Drew is one of these. Another day’s diving over, we sit in a café overlooking the hotel entrance. Drew expertly rolls cigarettes. Usually a light smoker, tonight he chain-smokes as we await the film-crew, talkative and restless.
A taxi pulls up. People get out, then back in. Then out again. The film unit are taping their own arrival. We call them over. Jonathan and Drew embrace. It’s going to be OK.
Jonathan has not been on a boat since the sinking. Unfortunately the hotel has removed the quayside ladder for cleaning. A big man, he has to jump onto the dive-boat, then tolerate being driven in circles so that the film-crew can show him departing before the boat returns to the quayside so that they can board.
Jonathan and Drew discuss their memories of the wrecking and the aftermath and the feelings they have 20 years on.
Both are media-savvy, and understand how to deliver soundbites that convey the horror of their shared experience in as few words as possible.
They also understand the technical side of film-making. When a nearby dredger drowns out the conversation, they stop and then, minutes later, pick up exactly where they left off, emotions as fresh and raw as they were before.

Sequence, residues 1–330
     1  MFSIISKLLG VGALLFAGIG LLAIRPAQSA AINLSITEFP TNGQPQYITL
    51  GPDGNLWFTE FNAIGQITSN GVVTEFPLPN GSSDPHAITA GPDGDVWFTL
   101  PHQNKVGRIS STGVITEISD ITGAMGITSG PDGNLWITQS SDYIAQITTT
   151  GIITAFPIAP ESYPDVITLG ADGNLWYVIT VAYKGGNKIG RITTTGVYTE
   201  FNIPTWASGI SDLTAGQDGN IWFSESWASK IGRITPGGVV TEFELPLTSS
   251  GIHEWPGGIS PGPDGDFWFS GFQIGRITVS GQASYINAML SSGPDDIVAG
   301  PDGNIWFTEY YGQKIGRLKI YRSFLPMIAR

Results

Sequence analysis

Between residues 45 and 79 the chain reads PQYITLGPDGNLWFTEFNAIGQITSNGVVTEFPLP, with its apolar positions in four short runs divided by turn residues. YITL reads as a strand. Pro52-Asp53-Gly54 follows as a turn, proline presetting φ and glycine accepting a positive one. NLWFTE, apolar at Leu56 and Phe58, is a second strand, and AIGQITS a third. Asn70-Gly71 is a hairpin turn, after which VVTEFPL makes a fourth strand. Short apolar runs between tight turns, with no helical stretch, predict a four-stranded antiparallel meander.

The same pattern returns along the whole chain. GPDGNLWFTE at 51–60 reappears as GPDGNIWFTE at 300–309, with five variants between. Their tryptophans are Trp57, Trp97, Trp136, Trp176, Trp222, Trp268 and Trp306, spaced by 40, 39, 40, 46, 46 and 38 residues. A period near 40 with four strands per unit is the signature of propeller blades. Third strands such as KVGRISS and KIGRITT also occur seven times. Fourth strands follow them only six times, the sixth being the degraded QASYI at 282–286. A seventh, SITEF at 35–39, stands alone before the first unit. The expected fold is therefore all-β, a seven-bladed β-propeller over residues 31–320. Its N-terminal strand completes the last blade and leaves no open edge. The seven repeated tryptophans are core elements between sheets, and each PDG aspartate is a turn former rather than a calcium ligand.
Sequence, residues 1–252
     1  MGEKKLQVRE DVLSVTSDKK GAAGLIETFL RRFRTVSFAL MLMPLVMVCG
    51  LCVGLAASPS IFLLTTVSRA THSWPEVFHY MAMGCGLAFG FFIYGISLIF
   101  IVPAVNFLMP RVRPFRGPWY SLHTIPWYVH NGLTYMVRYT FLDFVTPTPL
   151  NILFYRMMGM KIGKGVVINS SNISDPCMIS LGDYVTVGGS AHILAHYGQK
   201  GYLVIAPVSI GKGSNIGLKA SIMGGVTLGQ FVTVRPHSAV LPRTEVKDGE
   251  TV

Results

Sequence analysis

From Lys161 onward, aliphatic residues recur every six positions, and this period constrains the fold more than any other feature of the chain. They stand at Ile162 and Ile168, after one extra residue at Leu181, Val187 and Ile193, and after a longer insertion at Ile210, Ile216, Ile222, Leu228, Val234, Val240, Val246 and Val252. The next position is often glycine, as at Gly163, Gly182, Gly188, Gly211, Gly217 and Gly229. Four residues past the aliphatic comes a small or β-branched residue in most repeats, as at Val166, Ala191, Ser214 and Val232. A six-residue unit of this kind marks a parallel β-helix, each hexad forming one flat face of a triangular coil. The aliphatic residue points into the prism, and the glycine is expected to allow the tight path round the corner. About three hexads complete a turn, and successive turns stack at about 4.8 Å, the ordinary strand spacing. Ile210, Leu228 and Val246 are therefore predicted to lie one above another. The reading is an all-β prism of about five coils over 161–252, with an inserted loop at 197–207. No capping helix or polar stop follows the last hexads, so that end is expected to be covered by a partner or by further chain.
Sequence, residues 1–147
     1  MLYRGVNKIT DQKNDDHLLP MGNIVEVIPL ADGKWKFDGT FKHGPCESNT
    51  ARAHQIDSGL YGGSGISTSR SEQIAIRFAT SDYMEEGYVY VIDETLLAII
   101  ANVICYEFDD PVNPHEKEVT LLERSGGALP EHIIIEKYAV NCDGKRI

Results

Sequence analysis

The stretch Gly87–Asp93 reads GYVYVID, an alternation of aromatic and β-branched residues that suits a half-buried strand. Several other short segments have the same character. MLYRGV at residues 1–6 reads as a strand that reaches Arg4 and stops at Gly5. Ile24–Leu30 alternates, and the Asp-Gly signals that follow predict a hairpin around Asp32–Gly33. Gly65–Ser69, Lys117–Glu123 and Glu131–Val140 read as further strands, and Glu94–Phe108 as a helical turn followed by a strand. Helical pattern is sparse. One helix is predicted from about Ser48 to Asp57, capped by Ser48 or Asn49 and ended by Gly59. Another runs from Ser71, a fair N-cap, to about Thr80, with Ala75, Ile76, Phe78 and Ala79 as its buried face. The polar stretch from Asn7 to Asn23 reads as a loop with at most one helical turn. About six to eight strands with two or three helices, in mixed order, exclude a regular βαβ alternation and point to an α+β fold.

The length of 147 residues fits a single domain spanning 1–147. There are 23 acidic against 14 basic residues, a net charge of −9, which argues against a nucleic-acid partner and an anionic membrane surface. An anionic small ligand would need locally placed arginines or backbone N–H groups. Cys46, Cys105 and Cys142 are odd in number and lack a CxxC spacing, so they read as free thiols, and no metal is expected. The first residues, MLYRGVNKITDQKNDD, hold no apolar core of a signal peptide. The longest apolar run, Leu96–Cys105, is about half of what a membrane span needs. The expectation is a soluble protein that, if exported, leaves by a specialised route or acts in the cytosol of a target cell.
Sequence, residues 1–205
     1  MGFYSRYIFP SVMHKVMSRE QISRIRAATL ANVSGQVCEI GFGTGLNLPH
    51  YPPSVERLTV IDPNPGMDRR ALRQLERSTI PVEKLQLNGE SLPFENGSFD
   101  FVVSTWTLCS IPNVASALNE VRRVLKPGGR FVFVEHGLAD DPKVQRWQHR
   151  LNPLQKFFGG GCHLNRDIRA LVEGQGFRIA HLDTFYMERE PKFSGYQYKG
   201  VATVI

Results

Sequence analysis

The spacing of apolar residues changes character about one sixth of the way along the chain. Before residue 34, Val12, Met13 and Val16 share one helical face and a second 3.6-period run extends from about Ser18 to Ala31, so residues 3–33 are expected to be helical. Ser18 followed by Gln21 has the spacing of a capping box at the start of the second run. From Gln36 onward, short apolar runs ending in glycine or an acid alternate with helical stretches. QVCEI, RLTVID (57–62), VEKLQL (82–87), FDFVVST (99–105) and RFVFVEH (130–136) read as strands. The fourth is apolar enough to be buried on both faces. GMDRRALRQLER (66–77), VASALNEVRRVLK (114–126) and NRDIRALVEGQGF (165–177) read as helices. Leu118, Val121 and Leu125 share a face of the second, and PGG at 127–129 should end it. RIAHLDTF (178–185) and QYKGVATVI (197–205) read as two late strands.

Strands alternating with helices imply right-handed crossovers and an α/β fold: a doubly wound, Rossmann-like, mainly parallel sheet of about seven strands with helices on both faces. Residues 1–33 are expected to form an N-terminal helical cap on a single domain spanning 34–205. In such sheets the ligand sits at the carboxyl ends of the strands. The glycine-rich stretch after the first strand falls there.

And this trip is all about emotions. After that first dive we had not talked much on the returning boat.
Wandering into the changing room back at the centre I find Drew. “I think you handled yourself with great dignity, Drew,” I said vacuously.
Wearing only his towel, Drew grabbed me in a bear-hug, and I don’t think we exchanged any further words.

WITH LOVE PRODUCTIONS’ CAMERA trained on Drew and JP, we make our last dive to the Bowbelle. JP hangs a safety tank over the side, which we had only now thought of doing, and gives a very thorough safety briefing, which we hadn’t bothered with before. All of that hits the cutting-room floor.
JP dives first to rig a closed-circuit fishing camera through which Jonathan can see the wreck live. We shoot our last video footage and take our final photographs. And then it’s all over.
Has diving the shipwreck been cathartic for Drew I don’t know. But he tells me: “It’s good to see it on the seabed. It’s as if it has been killed and it is no longer dangerous.
“I would like to think that people will respect and remember everyone who was on board the Marchioness – those who lost their lives that evening, but also the other survivors.
“Some people have not fully recovered from the trauma, and this issue is not fully resolved to this day.”
As we sit in a kerbside restaurant on our last evening together, a car turns onto the drag, stereo blaring.
In a real Outer Limits moment, a Madonna track fills the night. Drew is engrossed in conversation, and I don’t think the tune registers with him. But as I look at the survivor, it does with me.
It’s Die Another Day.

Photography by JP Trenque, Drew Sutton & Steve Warren